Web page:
Gathering, analyzing and manipulating data is the lifeblood of the modern business, and in recent years it has virtually revolutionized shipping, logistics and warehousing. No longer relegated to merely shipping and receiving, the supply chain is the backbone of corporate planning as much as day-to-day operations. The shipping solutions and methods selected on the warehouse floor translate to direct value for the rest of the company, automatically optimizing dozens of different profit aspects as they work. This value chain power manifests in three main areas:
1. Value in Planning
Information on orders—incoming, outgoing, trends and lulls—is directly generated and verified within your logistics operations. While the customer service department may have a line into incoming order streams, they generally are not privy to components, materials and supplies ordering, the other half of stock movement within a company. The supply chain can offer up this valuable data to use as guides in planning and forecasting necessary orders. Supply Chain Quarterly's Michael Watson notes that analytics does not simply entail looking at this data for patterns, it's actively working with the data you have gathered, plugging it into equations and scenarios to test potential business moves without risking resources. Trial and error can carry frighteningly weighty costs for large companies; data derived from the supply chain can all but eliminate it for testing purposes.
2. Value in Sustainability
Eco-friendly measures and green marketing are here to stay, and that means that the supply chain needs to follow suit. Supply chain managers are in the trenches and can offer the best advice on which packing materials and processes are sustainable—both in terms of the planet and logistics operations. Brandon Taylor of DirectGreen explains that logistics professionals can also advise their respective companies to partner with various eco-friendly firms. These partnerships can be built either as a complement to in-house green initiatives or to outsource ethical efforts to allow the company to focus on internal matters. As the individual in your company closest to logistics shipping solutions and material providers, a supply chain manager may know of eco-friendly alternatives to current products that your company may not even be aware of.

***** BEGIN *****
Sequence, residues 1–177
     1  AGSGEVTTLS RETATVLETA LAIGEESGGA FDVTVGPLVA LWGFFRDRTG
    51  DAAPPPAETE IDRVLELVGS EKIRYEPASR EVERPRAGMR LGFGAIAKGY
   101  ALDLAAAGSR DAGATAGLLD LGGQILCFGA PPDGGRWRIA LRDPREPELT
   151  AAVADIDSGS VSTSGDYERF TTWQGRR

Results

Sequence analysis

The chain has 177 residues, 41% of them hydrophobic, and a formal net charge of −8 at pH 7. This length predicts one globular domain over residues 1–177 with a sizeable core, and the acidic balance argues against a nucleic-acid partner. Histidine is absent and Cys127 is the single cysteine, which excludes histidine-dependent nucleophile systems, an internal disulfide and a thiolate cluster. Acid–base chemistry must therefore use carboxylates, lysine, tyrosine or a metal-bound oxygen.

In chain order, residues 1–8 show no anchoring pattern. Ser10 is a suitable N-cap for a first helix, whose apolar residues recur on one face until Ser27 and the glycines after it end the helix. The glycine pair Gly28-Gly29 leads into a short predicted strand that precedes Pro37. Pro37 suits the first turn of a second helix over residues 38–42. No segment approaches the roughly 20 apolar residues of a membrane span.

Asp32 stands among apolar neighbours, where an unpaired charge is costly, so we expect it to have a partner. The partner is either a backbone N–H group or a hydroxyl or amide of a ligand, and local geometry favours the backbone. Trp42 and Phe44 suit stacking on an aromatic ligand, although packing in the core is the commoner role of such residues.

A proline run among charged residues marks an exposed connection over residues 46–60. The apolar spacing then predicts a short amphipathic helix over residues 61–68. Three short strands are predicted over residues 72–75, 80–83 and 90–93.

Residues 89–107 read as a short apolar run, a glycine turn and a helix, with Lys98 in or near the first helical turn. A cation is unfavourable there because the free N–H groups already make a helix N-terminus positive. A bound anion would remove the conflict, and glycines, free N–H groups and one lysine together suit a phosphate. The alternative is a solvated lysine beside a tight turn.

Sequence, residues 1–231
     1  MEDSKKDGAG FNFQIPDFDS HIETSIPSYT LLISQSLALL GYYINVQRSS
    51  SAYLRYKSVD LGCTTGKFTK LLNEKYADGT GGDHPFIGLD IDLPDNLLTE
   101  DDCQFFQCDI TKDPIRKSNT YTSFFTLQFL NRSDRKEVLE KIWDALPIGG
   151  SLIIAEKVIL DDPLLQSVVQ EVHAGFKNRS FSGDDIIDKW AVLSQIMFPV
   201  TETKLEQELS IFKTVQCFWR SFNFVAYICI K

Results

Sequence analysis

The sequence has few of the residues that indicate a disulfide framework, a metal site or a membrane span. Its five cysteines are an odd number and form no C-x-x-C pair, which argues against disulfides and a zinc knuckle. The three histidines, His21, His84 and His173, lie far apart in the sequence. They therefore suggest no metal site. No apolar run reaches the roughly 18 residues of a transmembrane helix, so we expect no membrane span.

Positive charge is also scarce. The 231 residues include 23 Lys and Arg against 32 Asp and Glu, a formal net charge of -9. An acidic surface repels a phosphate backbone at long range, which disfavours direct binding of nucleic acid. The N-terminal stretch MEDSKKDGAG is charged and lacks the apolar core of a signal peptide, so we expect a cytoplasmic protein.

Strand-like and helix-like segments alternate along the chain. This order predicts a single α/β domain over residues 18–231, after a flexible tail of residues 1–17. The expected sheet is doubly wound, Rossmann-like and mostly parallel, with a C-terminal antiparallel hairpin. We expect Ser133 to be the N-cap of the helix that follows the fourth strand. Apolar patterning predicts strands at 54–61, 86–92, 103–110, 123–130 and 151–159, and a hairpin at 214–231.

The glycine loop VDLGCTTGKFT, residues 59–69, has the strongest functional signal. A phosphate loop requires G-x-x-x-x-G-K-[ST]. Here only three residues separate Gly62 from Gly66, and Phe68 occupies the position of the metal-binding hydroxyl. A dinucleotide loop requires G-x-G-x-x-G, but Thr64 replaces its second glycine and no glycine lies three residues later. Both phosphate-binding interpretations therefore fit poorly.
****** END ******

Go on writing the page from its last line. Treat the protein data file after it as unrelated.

3. Value in Earning and Reduction
Shipping costs typically comprise a good majority of your regular logistics budget, which means that supply chain managers are uniquely poised to recognize savings opportunities and extract more profit from the sales a company makes. Simple efforts like reducing package volume to save on DIM pricing or suggesting a swap to polybag mailers over boxes can save a company staggering amounts of revenue in the long run. A well-honed supply chain also delivers products to a customer quickly and accurately, ultimately elevating company perception and, ideally, encouraging repeat business. And when it comes to sourcing materials and finding partners, the supply chain manager can be the first line of defense against unnecessary spending. He or she is a likely candidate to find the best "fit" for sourcing, Prableen Bajpai of Supply Chain 247 notes in an article on Starbucks' supply chain.
Each of these three areas of opportunity can increase profits or perceptions or decrease both financial and ethical costs, ensuring that shipping solutions solve much more than the immediate need at hand. Properly balanced, the knowledge and advice of a supply chain professional can help safeguard a company's coffers against the variable tides of business, keeping both the end customer and C-suite pleased. Are you hitting these points in your daily operations, or do you still have room for improvement? If the answer isn't a resounding "yes," it may be time to take your logistics professional out to lunch.